Blog: Pressure for supply chain clean-up
Leonie Barrie | 26 November 2012
Pressure on fashion brands and retailers to clean up their supply chains resurfaced again last week with new evidence that they are continuing to sell clothing contaminated with toxic chemicals.
Research from environmental pressure group Greenpeace International tested 141 clothing items and claims to expose links between manufacturing plants using hazardous chemicals and their presence in consumer products. The highest concentrations were said to be found in clothing from Zara, Metersbonwe, Levi's, C&A, Mango, Calvin Klein, Jack & Jones and Marks & Spencer.
A number of major clothing brands have also been accused of "fuelling modern-day slavery" through their failure to address child and forced labour in their supply chains.
A report released by the Not For Sale campaign grades companies on the extent to which they have traced their suppliers and established systems throughout their supply chains to prevent and address the issue. Firms including Lacoste and Skechers received the lowest grades.
And around 250 garment workers from India's main production centres attended a trial-like event staged last week in a bid to draw attention to pay and working conditions in factories that make clothes for Western brands and retailers. A panel of international judges surveyed the evidence, which included input from H&M and Adidas.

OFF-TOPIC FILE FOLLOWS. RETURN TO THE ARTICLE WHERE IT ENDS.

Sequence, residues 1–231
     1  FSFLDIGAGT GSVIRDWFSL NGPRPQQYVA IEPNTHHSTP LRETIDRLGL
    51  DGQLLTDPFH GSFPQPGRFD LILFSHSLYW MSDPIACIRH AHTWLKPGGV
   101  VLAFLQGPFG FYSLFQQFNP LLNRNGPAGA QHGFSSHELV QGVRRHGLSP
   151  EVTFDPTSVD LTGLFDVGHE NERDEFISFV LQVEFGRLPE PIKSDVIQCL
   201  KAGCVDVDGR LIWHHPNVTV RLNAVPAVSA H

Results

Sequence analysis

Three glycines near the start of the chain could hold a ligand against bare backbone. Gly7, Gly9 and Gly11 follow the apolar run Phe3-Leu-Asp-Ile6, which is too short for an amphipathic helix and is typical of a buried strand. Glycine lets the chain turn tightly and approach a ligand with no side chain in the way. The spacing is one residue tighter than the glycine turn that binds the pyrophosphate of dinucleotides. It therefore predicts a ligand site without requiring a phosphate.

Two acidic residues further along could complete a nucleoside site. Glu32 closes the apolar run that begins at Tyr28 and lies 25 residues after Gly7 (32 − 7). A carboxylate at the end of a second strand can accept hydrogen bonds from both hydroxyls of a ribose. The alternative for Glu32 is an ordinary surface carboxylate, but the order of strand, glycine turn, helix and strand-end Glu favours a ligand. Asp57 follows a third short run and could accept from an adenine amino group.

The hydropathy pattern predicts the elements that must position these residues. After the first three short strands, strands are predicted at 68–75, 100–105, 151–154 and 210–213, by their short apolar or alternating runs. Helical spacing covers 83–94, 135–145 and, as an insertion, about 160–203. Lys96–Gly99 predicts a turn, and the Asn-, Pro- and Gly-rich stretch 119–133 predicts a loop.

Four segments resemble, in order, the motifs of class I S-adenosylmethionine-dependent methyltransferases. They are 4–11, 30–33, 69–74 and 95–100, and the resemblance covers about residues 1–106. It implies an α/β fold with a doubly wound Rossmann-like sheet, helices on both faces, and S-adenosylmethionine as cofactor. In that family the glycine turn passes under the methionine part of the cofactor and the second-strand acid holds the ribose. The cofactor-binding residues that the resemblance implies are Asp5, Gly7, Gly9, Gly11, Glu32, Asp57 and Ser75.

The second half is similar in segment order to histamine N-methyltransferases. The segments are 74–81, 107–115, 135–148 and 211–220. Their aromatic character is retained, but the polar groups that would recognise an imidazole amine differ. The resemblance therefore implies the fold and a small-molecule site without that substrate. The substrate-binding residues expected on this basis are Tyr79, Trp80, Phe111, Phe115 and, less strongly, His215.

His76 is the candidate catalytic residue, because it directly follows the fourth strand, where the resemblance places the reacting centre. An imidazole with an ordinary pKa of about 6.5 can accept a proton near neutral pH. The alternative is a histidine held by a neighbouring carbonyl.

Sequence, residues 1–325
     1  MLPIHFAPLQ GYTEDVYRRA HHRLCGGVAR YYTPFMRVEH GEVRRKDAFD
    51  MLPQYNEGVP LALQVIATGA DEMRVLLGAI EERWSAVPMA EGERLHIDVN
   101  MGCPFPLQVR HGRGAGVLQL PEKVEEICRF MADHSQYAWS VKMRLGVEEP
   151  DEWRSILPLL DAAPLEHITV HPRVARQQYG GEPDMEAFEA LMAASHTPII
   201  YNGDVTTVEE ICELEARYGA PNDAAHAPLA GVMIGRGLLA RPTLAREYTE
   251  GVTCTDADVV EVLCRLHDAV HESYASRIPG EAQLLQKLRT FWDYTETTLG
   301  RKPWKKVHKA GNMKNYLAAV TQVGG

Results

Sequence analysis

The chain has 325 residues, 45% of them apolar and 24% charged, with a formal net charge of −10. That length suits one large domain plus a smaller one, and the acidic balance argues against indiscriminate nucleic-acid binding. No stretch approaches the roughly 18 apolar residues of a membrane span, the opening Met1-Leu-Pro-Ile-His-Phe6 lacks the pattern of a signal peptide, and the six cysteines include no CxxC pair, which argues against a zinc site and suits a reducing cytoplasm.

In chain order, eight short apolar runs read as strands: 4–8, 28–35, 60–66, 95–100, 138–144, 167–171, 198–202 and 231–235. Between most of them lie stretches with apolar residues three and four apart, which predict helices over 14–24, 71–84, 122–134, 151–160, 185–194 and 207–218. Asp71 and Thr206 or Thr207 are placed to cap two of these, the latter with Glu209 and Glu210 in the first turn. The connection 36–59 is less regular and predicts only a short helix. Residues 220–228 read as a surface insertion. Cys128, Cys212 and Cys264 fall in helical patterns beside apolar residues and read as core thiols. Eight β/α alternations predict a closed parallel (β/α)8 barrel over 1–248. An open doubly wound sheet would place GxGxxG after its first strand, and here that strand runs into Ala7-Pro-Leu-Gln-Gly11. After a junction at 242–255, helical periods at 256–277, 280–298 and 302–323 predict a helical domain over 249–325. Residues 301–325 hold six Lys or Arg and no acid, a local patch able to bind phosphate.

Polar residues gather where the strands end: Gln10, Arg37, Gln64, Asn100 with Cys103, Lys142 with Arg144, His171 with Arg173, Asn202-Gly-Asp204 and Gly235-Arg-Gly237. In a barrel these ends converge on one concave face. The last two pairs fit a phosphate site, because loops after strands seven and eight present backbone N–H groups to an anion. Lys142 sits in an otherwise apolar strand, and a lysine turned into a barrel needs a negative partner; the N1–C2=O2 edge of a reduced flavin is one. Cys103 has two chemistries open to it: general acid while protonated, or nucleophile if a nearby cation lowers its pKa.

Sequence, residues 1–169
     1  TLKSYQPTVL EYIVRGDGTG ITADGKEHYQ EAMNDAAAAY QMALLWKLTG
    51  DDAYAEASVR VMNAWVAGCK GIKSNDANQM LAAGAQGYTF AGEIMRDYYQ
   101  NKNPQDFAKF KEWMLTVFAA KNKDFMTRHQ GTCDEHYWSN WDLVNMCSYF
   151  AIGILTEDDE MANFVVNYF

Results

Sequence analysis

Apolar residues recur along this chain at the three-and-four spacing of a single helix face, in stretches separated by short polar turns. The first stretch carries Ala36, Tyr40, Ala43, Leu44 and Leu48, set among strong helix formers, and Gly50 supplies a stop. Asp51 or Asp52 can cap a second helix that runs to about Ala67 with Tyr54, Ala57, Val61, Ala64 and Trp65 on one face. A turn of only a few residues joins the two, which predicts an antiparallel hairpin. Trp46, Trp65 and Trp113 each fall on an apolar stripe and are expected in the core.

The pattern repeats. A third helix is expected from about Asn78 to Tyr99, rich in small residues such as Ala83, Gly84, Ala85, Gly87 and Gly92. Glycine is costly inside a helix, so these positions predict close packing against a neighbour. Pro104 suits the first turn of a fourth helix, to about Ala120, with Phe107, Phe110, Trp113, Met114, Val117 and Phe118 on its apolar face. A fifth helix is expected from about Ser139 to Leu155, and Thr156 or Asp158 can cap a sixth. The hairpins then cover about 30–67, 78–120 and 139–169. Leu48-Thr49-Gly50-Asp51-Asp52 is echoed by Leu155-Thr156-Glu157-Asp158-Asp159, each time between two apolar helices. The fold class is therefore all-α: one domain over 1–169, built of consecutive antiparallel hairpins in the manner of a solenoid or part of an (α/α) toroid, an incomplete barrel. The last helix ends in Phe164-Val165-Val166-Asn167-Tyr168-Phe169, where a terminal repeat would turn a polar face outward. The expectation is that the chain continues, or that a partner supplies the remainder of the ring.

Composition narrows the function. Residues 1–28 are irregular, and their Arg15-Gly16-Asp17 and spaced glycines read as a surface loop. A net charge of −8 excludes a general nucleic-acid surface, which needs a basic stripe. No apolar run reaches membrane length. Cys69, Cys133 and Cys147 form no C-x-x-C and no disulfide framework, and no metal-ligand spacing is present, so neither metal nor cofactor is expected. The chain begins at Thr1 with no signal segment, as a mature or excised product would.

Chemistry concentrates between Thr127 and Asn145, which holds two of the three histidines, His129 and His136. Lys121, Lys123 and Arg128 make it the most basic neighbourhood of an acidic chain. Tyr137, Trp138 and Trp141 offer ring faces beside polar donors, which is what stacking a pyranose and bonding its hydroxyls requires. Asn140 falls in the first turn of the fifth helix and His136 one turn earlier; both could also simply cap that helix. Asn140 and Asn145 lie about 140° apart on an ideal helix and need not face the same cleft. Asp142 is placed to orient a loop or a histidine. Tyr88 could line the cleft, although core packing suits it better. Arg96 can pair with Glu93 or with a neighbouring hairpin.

As Xi Jinping assumes the leadership of China's ruling Communist Party and prepares to get down to business, Mike Flanagan pens him an open letter offering up a few home truths about China's textile and garment industry.
Likewise, a number of issues affecting clothing, textile and footwear trade are facing the re-elected US Administration, including the fiscal cliff and talks to expand the Trans-Pacific Partnership (TPP) trade deal.
It seems Adidas has been caught napping after Skechers passed the German sporting giant to take its second place in the sports footwear market in the US....
Apparel imports into the US surged in March, as retailers ramped up their imports of spring/summer merchandise and cargo volumes at West Coast ports started to clear. The top three supplier countries ...
Interest in sourcing apparel from sub-Saharan Africa might be on the rise, yet the results of a new survey suggest few players currently have concrete plans to tap into its potential....
The Cotton Incorporated Blue Jeans Go Green denim recycling programme has joined forces with singer-songwriter Sheryl Crow to call on consumers to recycle their unwanted denim to help rebuild New Orle...
- What Marks & Spencer's numbers mean for clothing
- Tanzania adds to Africa’s apparel sourcing mix
- Balance essential in garment supply chain
- Supply chain weighs on Kering's green footprint
- Where next for 3D design and prototyping?
- AGOA delays drag on sourcing decisions
- American Eagle Outfitters Q1 earnings soar
- EU and Turkey to update customs union
- Burberry shares slide as FY outlook slashed
- Gap brand sales continue to fall short